Lots of great coverage, so let the celebration (and questions) begin:
Lawrence Donegan in The Guardian:
The Americans arrived in Dublin as underdogs, played like underdogs and will be cast as underdogs for as long as the likes of Tiger Woods and Phil Mickelson fail to produce their true form in the context of a team event. Indeed, so one-sided was the contest that at times during yesterday's session of 12 singles matches it seemed the impossible was on the cards - a Ryder Cup without drama.
Fortunately there was enough raw emotion in the air to ensure the day will live long in the memory. Woosnam's victory address will not trouble the compilers of the Oxford Book of 21st Century Speeches but the much-derided Welshman showed a wonderful touch when he sent Clarke out in the seventh tie of the day. Four points ahead overnight, Europe needed 4½ points to win the trophy. This left the Irishman, whose wife Heather died from breast cancer six weeks ago, with the maximum chance of delivering the ending the home crowd and his team-mates so desperately wanted.
Doug Ferguson summarizes each of the singles matches if, God forbid, you want to relive the rout.
Gary Van Sickle on SI.com:
This was the best Ryder Cup because -- and Darren Clarke is going to hate this sentence -- it was all about Darren Clarke. This Ryder Cup belonged to him -- no, it was for him, although he'd be embarrassed by your attention and feel uneasy about your sympathy. Clarke deserved this Ryder Cup week and maybe, if not probably, he needed it. Ryder Cups are always thick with emotion, but there's never been one this emotional.
David Feherty on Golfonline:
You can bet half your ass the American players always care about the event and each other, and bet the other cheek on the fact that this carousel will come around. It will come around even quicker if all fans of American golf get behind it and push.
Moving into the "what-to-do-next" division, Scott Michaux in the Augusta Chronicle offers a few thoughts, but first he has to get this off his chest:
The only thing more embarrassing than the final result was DiMarco fist-pumping his birdie on the 17th hole that extended his match with Lee Westwood. His comeback effort from five down with seven to go against a player who was ill overnight and carrying a fever on the course was meaningful only to himself. It was like doing a dance after a sack with your team trailing by seven touchdowns. Hitting two balls in the water on the 18th was his just reward.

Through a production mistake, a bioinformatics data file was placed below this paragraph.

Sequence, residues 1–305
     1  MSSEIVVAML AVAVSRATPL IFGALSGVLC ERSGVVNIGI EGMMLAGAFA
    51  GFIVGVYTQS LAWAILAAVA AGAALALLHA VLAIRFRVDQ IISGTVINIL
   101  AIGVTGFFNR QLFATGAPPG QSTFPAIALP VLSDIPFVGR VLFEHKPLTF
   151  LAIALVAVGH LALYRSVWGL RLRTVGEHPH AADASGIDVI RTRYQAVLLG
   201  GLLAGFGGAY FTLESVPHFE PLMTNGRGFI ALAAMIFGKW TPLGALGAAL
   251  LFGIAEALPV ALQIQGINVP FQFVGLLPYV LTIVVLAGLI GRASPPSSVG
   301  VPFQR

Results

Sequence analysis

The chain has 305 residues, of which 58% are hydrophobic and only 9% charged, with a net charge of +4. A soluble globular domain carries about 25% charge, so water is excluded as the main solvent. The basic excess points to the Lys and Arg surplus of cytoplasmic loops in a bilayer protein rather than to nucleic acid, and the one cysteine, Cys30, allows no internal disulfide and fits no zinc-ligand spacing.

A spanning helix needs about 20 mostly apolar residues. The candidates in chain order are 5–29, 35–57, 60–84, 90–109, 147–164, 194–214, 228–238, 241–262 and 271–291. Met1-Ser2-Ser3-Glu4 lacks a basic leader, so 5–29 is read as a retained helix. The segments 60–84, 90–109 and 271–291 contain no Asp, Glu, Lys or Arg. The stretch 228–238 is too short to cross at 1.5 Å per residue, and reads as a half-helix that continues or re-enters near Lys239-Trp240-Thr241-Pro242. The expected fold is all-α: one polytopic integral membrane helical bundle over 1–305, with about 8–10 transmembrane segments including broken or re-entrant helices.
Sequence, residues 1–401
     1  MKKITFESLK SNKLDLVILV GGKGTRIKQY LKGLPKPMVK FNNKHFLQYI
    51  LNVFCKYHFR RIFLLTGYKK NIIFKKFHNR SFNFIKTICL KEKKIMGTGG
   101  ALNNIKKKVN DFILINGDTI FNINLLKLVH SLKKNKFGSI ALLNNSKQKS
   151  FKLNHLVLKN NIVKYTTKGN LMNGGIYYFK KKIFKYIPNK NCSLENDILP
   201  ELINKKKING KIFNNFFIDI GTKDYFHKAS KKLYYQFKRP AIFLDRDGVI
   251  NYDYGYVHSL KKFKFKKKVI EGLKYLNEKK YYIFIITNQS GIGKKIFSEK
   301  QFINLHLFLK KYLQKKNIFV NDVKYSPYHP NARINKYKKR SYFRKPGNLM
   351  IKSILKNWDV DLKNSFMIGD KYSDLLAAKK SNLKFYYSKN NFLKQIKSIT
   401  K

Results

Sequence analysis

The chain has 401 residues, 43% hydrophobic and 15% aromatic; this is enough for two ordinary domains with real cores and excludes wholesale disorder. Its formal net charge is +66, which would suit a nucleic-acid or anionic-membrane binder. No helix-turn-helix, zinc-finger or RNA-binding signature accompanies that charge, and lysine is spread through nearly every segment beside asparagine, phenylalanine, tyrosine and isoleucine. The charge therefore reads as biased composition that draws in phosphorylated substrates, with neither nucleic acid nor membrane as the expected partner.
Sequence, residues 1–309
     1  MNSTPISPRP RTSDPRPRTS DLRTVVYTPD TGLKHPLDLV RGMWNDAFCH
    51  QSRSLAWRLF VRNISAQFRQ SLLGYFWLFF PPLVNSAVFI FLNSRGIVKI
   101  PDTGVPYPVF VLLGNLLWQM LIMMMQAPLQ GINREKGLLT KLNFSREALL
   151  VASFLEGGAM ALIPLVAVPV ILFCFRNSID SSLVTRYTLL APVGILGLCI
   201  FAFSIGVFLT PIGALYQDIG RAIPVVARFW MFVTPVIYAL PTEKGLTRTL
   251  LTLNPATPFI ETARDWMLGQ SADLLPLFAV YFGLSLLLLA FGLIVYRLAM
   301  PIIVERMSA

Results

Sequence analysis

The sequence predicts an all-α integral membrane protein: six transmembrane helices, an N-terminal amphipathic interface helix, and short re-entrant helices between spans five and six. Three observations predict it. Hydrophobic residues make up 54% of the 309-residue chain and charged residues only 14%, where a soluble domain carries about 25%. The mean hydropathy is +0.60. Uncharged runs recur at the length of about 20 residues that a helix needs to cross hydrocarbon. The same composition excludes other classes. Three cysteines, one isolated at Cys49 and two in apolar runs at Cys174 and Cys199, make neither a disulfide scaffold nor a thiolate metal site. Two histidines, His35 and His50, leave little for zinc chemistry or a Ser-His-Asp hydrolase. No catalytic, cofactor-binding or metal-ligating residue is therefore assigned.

The Golf Gazette's Ken Carpenter offers his suggestions for turning things around on the U.S. side.
Have you ever seen wives and girlfriends jumping on the pile after a team wins the World Series? No. Do significant others wear matching “uniforms” at an NFL game? No. Do NBA organizations allow wives and girlfriends to travel on the team plane? Rarely, if ever. Do significant others march into an Olympic stadium during the opening ceremonies? Never.
There were reports last week that the wives were in the USA’s team room when captain Tom Lehman was addressing the troops. Has Bill Belichick ever invited the girls into the Super Bowl locker room? Yeah, right . . .
Motivate Mickelson: If Phil Mickelson wants to “shut it down” after the PGA Championship every year, then he should give up his spot on the team and go to the beach. In the last two Ryder Cups he’s 1-7-1; in the last two Presidents Cups he’s 3-5-2 — that’s an abysmal 4-12-3 record, totally unacceptable for someone annually ranked in the top three in the world. In 2008, Mickelson needs to play his way into shape prior to the event — assuming he isn’t fully retired by that point.
ESPN.com's Gene Wojciechowski weighs in on the what-to-do-about-the-U.S. subject, as does AP's Jim Litke, who talks to Michael Jordan about what ails America.
James Lawton in the Independent says the Americans need to start playing better or the Ryder Cup will be diminished.